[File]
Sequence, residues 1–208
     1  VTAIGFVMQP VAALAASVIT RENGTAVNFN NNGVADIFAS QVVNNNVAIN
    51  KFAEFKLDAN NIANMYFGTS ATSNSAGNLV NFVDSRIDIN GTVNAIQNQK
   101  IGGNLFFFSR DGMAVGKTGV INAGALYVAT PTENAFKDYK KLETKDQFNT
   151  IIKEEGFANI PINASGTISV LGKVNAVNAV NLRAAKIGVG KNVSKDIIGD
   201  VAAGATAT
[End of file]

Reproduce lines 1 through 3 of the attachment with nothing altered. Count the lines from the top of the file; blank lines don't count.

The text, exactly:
Sequence, residues 1–208
     1  VTAIGFVMQP VAALAASVIT RENGTAVNFN NNGVADIFAS QVVNNNVAIN
    51  KFAEFKLDAN NIANMYFGTS ATSNSAGNLV NFVDSRIDIN GTVNAIQNQK